Everybody’s out on the run tonight
But there’s no place left to hide…
Come on with me, tramps like us
Baby we were born to run…
(Springsteen B, et al)
The ‘Fun Run’ season is upon us. City To Surf is in 2 weeks and the Sydney Running Festival with a marathon, half marathon and Bridge Run is a month after that and there are many more running events every weekend in between.
Lane Cove Chiropractic is sponsoring the Lane Cove Fun Run on September the fourth. I’ll be running in that race and I hope to see many of our clients there as well.
With all these running events happening all over Sydney thousands upon thousands of us are out there pounding the pavement.
I often hear, around this time of the year, that running, especially on the road, is “bad for you.” That distance running causes osteoarthritis of the knees and hips and degeneration of the discs in the lower back.
But is the belief that distance running wears your joint out based on fact?
The evidence would seem to suggest otherwise.
A review by Cymet and Sinkov in the Journal of the American Osteopathic Association, highlights the lack of evidence that running is bad for your joints. In fact their opinion is-
‘ the preponderance of data seems to indicate that moderate levels of running do not increase the risk of osteoarthritis of the knees and hips for healthy people and this activity might even have a protective effect.”
What many people overlook is that the human body is self healing and adapts readily to stresses placed upon it so it should be no surprise that tissues like muscles and the cartilage in our joints will adapt and strengthen to loads placed upon it, like running.
A study in the American Journal of Preventative Medicine, by Chakravarty et al, stated that-
‘Data suggest that long distance running may not be associated with increased progression of knee osteoarthritis in the absence of knee injury, obesity, proprioceptive or poor muscle tone.’
And does running promote degeneration of the discs in your lower back (lumbar spine)?
We know that loading of the lumbar spine can speed up disc degeneration in some situations (like prolonged sitting) but there is no evidence that running accelerates disc damage. There is some recent data that suggest that running might be capable of stimulating and even strengthening the matrix material that makes up the disc. A study published in SPINE Journal by Brisby et al suggests that dynamic loading, like running and walking, has the effect of building up the cells and protein structure of the disc.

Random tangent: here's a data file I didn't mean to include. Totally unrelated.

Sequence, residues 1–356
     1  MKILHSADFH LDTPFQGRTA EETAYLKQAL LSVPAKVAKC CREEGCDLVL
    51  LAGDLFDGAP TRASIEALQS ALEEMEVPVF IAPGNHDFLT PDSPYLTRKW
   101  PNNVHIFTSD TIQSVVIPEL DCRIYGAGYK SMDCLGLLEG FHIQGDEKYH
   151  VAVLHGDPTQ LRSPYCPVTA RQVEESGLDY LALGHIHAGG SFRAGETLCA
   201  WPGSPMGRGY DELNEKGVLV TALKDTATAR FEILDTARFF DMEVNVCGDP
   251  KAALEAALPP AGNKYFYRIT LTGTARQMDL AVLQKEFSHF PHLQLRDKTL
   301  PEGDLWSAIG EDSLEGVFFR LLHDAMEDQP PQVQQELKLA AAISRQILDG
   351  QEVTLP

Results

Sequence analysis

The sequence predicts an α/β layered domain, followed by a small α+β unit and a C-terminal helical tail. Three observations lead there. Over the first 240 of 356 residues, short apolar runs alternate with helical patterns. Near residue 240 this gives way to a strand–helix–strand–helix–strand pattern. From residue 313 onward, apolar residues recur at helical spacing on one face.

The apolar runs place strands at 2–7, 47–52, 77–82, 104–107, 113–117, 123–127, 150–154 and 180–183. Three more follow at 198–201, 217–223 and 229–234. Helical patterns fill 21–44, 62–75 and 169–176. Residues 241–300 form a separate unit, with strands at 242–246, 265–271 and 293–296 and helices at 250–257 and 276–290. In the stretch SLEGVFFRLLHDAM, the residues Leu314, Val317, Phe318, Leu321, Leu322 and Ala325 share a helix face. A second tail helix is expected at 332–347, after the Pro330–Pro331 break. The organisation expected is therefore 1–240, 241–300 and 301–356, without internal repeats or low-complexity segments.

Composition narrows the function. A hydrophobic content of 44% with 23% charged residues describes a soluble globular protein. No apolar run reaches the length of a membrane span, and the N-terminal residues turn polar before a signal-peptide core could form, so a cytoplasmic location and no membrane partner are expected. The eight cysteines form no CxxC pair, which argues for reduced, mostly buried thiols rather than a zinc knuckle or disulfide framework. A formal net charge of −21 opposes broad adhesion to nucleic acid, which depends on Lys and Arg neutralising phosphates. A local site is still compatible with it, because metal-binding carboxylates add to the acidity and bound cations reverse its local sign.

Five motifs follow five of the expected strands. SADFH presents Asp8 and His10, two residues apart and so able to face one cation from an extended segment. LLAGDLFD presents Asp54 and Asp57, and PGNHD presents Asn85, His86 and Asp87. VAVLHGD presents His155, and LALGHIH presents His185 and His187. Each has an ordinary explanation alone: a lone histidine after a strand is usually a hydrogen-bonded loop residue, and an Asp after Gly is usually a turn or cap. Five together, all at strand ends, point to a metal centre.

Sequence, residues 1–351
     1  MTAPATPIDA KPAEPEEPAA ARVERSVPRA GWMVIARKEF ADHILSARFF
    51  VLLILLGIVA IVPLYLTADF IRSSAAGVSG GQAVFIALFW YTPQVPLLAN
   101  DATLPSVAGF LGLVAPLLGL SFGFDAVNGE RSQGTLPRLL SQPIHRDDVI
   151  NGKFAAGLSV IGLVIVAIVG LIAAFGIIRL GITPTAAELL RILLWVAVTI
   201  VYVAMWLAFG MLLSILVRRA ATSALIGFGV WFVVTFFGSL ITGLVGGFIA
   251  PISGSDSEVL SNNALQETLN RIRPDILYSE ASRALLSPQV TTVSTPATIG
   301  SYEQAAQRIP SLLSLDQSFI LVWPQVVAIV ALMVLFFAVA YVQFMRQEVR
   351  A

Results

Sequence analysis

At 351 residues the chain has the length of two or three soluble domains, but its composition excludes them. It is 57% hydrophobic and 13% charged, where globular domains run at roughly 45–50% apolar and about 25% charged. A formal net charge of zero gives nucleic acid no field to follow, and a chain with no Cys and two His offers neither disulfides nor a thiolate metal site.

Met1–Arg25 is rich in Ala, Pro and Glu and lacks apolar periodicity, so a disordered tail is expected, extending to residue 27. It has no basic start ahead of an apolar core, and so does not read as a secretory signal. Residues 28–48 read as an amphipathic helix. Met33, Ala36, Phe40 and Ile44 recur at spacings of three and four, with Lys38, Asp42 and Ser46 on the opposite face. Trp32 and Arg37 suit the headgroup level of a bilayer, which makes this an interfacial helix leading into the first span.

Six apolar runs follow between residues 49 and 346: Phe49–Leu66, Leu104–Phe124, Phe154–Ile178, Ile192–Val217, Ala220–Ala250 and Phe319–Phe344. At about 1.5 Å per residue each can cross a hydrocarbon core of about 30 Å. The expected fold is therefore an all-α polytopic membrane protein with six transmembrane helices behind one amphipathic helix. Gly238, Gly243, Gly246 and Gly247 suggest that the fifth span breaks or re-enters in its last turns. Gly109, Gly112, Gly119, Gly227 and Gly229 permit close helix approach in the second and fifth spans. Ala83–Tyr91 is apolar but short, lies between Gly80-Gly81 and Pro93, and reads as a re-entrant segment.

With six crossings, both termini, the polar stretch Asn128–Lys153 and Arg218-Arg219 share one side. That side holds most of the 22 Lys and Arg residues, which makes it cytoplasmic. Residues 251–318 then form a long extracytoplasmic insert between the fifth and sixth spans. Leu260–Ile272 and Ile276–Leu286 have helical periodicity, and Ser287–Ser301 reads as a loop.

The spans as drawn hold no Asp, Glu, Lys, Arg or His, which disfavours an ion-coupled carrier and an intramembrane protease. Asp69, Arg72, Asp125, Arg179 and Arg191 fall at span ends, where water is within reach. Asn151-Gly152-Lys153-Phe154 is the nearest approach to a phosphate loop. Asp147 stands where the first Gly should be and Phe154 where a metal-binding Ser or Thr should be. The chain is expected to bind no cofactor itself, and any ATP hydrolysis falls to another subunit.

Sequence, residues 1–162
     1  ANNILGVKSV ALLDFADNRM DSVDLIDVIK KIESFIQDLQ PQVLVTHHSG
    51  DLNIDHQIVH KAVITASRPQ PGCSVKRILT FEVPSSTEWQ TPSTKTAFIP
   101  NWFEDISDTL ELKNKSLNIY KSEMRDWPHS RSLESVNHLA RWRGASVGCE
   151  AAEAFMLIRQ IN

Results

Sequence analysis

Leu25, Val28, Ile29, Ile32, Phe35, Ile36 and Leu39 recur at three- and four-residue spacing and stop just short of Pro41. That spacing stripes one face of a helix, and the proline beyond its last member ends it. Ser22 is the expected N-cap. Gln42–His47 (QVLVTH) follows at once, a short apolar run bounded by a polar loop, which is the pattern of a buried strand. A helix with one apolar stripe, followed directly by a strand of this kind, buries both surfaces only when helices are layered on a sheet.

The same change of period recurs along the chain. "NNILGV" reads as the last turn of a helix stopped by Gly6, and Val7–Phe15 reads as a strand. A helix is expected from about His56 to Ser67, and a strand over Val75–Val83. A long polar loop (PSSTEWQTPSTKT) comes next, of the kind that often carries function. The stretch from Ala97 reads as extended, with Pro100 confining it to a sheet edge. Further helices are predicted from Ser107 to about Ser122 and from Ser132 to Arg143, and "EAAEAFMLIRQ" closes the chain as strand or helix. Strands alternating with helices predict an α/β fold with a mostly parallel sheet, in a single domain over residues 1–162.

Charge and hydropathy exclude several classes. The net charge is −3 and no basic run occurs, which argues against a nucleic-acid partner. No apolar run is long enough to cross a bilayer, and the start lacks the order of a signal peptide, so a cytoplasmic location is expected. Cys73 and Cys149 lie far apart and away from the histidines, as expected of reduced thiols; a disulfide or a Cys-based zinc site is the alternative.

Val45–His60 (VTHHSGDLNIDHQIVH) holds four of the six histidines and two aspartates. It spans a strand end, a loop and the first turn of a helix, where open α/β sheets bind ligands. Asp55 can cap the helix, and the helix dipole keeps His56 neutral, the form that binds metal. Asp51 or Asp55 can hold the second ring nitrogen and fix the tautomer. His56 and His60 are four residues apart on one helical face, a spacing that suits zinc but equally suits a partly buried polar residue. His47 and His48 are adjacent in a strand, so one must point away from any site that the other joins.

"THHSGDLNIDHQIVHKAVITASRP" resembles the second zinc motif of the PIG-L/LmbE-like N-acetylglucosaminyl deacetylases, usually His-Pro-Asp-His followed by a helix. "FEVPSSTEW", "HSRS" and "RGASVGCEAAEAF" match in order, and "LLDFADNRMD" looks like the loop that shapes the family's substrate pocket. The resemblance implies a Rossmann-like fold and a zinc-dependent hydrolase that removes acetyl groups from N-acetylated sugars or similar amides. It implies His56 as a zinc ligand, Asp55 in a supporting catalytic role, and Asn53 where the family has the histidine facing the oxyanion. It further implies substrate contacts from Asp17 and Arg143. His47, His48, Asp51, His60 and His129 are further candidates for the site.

But what about other supposed running related injuries like calcaneal spurs, Achilles tendinopathy or plantar fasciitis?
There is a growing body of evidence that suggests that the increase in lower limb running injuries has paralleled so called ‘advances’ in running shoe design and especially so for the PCECH (pronation control, elevated cushioned heel) type of shoe.
Prior to the 1970’s and for most of human evolution runners have proceeded barefoot or used minimal footwear. After the advent of the padded and controlling running shoe there has been a proportional rise in lower limb injuries.
This observation agrees with my own personal experience as a runner. I have run competitively since 1968 and in my early running career it was virtually unheard of for a runner to get an overuse injury like Achilles problems or shin splints. And when I was in training we would run 100-150Km per week in shoes that had less cushioning than an old pair of Dunlop Volleys.
According to Richards et al, who published a study on this in the British Journal of Sports Medicine-
‘ The use of cushioning in running shoes is based on the following assumptons- 1) that impact forces while running are a significant cause injury (2) that running on hard surfaces is a cause of high impact forces (3) that a cushioned shoe can reduce impact forces to a less injurious level (4) that the potential of the cushioning itself to cause injury is minimal.’
However the evidence for this is very limited and the prescription of the PCECH type running shoe is not ‘evidence based’.
Evidence suggests that our biologically natural running gait has transformed from a predominantly fore-foot strike on landing to a heel strike. Landing heavily on your heel is not what nature intended, no matter how much padding your shoe has. Landing on your heel while running is inefficient and greatly increases the impact forces on your lower limb and the force actually increases with the amount of padding in the shoe. Furthermore padded running shoes increase ground reaction forces, dampen the nerve feedback from our lower limb and foot joints and ligaments and weakens the small muscles that support our foot arches.
As crazy as it sounds there is a growing consensus between scientists and researchers that the modern running shoe may actually be the cause of many of the problems we see in runners today because they interfere with the natural way humans have evolved to run over the millennia.
As a result we have seen a growing trend to a return to a more natural style of running and a proliferation of ‘minimal style running shoes’ that allow for a more natural running gait. Harvard Professor Daniel Lieberman is a big proponent of the natural running style and his research strongly suggests that this is the way that humans are designed to run.
So Bruce Springsteen was right all along when he sang- “ Baby, we were born to run.”